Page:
If ever there was high praise in football, it would be from the mouth of French icon Zinedine Zidane. Regarded by many as the greatest of all time, (perhaps even rightly so), Madrid’s playmaker was left speechless in 2003 after his Galacticos side were torn apart by a little known diminutive Spaniard playing for Sevilla.
The man in question? Jose Antonio Reyes.
After a blistering display from the soon-to-be Arsenal no.9 had left Madrid’s season in disarray, Zidane asked the media if Reyes has been “getting around the pitch on an invisible motorcycle” – Such was his place and trickery. From a man of Zizou’s pedigree, that’s high praise indeed, and they were words not to be ignored by fellow Frenchman Arsene Wenger.
Usually the least likely to open his wallet in champagne Charlie style, Wenger saw enough in this talented young Spaniard to fork out a then club record £17m for Reyes in January 2004.
His debut came as a substitute against Manchester City, but on a rain drizzled Sunday night at Highbury; it was Thierry Henry that stole the Spaniard’s thunder with a spectacular late winner, a theme set to re-occur throughout his time in North London.
A fortnight later, and in the place of the injured Henry, Reyes was to firmly announce himself as the prince to Henry’s king. Trailing to an Adrian Mutu goal, Arsenal looked set to crash out of the FA Cup at home to fellow title rivals Chelsea. Cue Reyes with a thunderbolt to level the scores, and seconds later, a neatly poked home winner. Highbury had a new hero, and as Wenger’s men scooped the league title, going the entire season unbeaten, they started the next year in equally imperious form.
Reyes was a LEGO brick, neatly attaching himself onto fellow bricks Pires, Bergkamp and co as the Gunners notched up some of the most breath-taking football the English game had ever witnessed. He started 2004/05 with 6 goals in as many games, creating chances for his team-mates by the bucket load. The August player of the month award followed, and whisper it around Highbury quietly, but perhaps even talk of Reyes over-taking their beloved Thierry as the club’s leading marksman.
So where did it all go wrong? Perhaps it’s best to ask the Neville brothers. Though perhaps ‘the Mitchell brothers’ is a more apt name to give Monsieurs Gary and Phil, given the role of henchmen they were assigned to play on Reyes in a feisty clash at Old Trafford in October 2004.
Arsenal were 49 games unbeaten, desperate to make it 50. Manchester United even more desperate to stop their fierce rivals reaching the magic half-century in their own backyard.
Identifying Reyes as Arsenal’s key threat, the sibling full-backs performed something of a hatchet job on the former Sevilla playmaker and Reyes was substituted after 70 minutes for his own safety.
It was a cruel ‘hello’ to the physical side of English football for Reyes, and as the winter drew in, his early season sparkle was gradually subsiding into a mid-season whimper. The goals dried up, with only 4 more coming between October and May, and then there were various media fracas’ that hardly helped his cause.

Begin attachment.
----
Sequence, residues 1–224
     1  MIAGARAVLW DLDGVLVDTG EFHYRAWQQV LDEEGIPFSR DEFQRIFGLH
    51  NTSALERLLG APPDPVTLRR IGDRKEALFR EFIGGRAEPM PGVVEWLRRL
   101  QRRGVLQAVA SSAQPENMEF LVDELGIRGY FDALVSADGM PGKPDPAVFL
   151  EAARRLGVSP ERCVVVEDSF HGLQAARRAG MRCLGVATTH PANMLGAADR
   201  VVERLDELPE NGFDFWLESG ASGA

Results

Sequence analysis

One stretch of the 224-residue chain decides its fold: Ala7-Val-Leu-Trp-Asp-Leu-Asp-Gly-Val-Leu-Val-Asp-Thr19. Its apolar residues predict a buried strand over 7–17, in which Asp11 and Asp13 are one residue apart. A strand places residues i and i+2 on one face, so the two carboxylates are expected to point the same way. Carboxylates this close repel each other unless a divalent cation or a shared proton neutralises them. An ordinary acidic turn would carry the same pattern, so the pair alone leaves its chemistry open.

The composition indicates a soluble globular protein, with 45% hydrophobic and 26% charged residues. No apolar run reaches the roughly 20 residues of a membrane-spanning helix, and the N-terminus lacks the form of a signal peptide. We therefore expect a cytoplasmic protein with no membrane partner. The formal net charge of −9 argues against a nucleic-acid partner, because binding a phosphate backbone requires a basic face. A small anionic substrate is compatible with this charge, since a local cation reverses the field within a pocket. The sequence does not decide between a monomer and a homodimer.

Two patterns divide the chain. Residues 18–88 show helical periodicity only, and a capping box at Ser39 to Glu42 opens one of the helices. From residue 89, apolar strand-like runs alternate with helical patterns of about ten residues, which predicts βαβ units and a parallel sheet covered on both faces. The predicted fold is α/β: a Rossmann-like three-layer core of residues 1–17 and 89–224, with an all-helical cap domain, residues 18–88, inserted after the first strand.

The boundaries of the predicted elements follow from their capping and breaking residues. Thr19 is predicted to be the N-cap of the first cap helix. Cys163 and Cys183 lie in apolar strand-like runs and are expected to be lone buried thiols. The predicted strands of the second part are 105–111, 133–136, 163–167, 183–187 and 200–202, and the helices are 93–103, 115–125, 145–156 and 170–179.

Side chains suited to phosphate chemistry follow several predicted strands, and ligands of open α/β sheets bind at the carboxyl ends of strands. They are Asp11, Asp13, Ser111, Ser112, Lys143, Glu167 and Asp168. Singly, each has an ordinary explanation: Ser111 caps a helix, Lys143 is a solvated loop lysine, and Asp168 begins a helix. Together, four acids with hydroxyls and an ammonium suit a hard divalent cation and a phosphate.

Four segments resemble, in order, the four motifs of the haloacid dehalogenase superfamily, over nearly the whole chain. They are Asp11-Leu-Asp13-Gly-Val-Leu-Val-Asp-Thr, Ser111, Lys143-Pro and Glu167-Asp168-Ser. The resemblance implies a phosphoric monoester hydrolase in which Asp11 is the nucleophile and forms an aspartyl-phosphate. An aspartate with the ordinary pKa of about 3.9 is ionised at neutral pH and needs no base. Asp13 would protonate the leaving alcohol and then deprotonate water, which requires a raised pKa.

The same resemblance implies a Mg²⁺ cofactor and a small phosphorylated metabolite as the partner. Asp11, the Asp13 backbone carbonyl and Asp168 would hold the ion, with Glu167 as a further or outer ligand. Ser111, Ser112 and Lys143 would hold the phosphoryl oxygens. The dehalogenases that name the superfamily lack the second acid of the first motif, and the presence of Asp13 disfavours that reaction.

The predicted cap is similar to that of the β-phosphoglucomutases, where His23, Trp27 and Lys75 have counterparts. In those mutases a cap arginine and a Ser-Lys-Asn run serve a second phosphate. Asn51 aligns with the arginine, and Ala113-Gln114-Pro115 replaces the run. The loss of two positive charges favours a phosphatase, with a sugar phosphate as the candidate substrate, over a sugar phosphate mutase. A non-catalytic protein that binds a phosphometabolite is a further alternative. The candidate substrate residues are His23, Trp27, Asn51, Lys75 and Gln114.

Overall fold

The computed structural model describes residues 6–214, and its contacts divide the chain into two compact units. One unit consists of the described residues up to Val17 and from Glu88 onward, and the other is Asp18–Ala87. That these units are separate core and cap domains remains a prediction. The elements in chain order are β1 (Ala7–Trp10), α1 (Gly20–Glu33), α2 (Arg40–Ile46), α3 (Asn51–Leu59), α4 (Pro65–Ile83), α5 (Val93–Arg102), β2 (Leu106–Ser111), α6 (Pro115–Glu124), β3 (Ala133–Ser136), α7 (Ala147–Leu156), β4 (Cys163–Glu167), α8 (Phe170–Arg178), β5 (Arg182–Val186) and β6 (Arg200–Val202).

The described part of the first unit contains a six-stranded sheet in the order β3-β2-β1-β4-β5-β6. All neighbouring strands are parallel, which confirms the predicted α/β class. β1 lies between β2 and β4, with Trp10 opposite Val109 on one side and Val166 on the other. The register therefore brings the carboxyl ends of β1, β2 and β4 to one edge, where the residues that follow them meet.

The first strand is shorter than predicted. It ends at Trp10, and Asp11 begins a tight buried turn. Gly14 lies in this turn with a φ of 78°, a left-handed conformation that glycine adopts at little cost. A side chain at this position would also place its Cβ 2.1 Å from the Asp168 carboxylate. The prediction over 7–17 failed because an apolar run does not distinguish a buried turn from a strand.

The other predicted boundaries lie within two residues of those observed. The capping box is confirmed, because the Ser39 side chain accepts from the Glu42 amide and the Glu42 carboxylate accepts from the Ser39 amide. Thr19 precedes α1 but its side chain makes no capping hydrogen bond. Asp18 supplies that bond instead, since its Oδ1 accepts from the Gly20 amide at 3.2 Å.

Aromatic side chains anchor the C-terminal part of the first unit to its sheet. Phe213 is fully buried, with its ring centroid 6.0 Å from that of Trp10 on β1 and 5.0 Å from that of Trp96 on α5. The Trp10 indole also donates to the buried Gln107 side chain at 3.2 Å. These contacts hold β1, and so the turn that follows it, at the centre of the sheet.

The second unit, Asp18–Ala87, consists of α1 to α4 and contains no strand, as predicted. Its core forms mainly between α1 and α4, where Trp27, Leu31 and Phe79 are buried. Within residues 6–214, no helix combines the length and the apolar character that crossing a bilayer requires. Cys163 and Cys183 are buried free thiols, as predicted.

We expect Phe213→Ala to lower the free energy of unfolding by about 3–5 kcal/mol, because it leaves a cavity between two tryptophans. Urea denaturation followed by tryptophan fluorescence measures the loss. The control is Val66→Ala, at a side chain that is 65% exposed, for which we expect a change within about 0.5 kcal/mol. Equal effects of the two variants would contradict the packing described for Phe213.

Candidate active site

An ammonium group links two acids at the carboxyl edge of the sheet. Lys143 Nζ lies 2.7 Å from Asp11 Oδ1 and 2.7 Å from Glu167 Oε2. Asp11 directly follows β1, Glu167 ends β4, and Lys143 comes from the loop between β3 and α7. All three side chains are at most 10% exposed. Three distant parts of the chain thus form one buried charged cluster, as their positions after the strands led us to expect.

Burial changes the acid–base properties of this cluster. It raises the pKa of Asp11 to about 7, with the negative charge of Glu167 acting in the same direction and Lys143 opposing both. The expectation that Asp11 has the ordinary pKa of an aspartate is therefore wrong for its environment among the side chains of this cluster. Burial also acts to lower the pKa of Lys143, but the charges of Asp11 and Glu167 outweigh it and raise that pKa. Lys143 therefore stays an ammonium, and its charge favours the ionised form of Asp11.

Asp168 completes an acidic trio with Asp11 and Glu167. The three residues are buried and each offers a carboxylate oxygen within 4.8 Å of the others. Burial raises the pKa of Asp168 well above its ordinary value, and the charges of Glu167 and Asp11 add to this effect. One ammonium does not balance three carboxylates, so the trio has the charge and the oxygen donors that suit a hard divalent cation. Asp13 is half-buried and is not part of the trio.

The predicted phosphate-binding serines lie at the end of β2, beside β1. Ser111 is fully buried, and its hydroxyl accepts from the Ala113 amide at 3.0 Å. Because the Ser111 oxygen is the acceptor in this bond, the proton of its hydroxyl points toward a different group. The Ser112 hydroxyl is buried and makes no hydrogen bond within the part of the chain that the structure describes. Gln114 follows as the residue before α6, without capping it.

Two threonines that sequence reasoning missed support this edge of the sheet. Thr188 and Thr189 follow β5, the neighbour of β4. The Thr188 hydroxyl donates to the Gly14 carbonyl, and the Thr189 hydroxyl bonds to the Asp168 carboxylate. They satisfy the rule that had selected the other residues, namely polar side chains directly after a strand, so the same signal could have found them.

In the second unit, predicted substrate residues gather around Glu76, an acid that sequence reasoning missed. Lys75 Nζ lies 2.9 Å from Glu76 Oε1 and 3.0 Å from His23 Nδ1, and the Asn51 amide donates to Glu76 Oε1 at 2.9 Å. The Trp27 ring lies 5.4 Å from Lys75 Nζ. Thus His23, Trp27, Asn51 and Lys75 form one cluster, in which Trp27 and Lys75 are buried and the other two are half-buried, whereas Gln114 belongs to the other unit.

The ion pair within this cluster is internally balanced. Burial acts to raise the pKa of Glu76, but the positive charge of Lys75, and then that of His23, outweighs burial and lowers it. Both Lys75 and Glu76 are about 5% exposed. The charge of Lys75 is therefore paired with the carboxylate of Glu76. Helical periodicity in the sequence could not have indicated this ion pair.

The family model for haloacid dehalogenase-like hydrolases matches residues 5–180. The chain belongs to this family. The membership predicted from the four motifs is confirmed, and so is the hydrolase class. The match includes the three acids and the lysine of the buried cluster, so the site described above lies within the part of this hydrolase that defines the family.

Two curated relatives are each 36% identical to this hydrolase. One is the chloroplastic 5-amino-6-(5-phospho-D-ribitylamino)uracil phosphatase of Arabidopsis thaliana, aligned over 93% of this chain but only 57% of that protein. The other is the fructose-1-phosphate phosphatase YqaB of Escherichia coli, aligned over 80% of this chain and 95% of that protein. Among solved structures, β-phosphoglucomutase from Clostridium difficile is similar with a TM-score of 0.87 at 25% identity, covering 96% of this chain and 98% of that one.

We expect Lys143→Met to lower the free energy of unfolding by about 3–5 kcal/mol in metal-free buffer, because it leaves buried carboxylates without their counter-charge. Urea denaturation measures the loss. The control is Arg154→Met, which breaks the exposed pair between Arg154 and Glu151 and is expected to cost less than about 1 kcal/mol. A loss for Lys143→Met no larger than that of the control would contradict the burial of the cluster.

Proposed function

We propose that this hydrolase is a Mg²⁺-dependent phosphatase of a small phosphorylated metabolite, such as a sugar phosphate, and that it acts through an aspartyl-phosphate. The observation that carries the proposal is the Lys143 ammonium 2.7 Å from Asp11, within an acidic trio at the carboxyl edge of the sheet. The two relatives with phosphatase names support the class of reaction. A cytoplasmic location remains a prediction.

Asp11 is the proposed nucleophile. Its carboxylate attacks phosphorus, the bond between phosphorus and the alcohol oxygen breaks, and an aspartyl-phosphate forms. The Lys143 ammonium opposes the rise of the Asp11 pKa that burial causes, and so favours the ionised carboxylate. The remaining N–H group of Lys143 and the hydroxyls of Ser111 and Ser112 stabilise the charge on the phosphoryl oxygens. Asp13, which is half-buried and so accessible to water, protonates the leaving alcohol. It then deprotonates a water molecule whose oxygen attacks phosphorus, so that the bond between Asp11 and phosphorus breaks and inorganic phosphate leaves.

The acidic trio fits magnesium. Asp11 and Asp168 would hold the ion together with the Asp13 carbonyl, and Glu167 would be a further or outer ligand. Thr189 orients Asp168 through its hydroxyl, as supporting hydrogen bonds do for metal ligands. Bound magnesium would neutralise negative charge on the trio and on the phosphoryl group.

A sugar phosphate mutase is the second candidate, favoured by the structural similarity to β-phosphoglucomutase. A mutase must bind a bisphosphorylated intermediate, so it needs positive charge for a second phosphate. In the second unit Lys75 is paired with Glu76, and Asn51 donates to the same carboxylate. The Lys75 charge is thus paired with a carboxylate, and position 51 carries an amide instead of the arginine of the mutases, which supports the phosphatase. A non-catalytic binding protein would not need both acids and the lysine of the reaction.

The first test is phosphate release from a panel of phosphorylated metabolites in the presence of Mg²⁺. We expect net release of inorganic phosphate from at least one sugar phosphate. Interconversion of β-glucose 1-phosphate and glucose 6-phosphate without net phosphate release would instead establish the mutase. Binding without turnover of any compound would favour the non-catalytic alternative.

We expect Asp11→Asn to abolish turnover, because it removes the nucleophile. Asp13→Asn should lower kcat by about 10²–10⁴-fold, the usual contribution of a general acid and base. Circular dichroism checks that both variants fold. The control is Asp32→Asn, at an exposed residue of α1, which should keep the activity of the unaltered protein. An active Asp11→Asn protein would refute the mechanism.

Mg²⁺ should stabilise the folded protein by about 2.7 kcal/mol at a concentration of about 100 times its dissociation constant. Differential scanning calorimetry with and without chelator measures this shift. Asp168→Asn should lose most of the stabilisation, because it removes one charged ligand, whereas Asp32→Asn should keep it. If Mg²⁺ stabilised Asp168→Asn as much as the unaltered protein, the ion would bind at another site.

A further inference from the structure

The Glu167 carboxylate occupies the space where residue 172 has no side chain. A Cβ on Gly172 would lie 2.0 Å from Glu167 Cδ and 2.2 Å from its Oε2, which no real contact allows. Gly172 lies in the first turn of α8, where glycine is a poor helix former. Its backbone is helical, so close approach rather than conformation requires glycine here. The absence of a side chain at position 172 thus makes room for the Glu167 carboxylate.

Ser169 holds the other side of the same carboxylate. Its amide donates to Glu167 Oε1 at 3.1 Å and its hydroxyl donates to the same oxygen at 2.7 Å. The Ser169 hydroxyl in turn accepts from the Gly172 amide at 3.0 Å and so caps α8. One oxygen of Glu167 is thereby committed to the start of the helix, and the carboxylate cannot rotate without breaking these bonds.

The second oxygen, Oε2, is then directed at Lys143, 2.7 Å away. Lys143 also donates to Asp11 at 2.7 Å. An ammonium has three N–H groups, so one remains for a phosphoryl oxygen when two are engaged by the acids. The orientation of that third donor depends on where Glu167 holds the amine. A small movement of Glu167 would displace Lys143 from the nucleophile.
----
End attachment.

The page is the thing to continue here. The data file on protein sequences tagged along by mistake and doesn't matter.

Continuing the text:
First Spain coach Luis Aragones was recorded telling Reyes: “Tell that Negro de mierda (black s**t) that you are much better than him. Tell him from me. You have to believe in yourself. ”
He was of course referring to Thierry Henry. Come at the king and you’d better not miss. Suddenly, Reyes was returning back from international duty to a somewhat icier reception than he would have hoped.
Then came the radio prank that effectively ended his career in an Arsenal jersey. Believing he was speaking to Real Madrid sporting director Emilio Butragueno, Reyes admitted his feelings of homesickness and a failure to adapt to England and begged ‘Butragueno’ to take him to the Bernabeu. Reyes may as well hammered the nails into his Highbury coffin. Though he was in such paltry form, he’d have probably missed!
After a red card in the closing stages of the 2005FA Cup Final, and another inconsistent season in 2005-06 (despite impressing in Europe, playing on the left side of a 4-1-4-1 as Arsenal reached the Champions League Final), a loan move to Madrid eventually followed in a swap deal for Julio Baptista, where he was unfancied by boss Fabio Capello in his maiden return season at the club. And though he bagged the goals that brought the La Liga title to the Bernabeu in a thrilling final day victory against Mallorca, it seemed unlikely that we’d see Reyes in the white of Madrid again.
Instead, Jose Antonio was flogged to the opposite side of Madrid in the summer of 2007; neighbours Athletico. And with no homesickness, or Neville brothers around to put the creepers up him, this was surely the time for Reyes to shine?
Reyes failed to score a single goal all season and was farmed out on loan to Benfica for 2008-09. And though he was recalled to the Athletico set-up in the summer of 2009, his chance at international level had now long gone and his reputation had already taken a beating.
By the time 2012 had come, Reyes had stagnated once more and jumped at the chance to re-join boyhood club Sevilla in the January transfer window. A lively start was once more succeeded by a period of mediocrity.
When Reyes burst onto the scene at Arsenal, he was hailed as one of three outstanding young players in the league alongside the then-injured Wayne Rooney and a lanky show-pony by the name of Cristiano Ronaldo. Ronaldo was all style and substance, one too many stepovers for the likes of many. Reyes was the real deal, the one with the end product, and the key man in an Arsenal side that finished 15 points ahead of Ronaldo’s Manchester United side.
The way both players’ careers have differed towards polar directions is, for Jose Antonio Reyes at least, nothing short of a tragedy.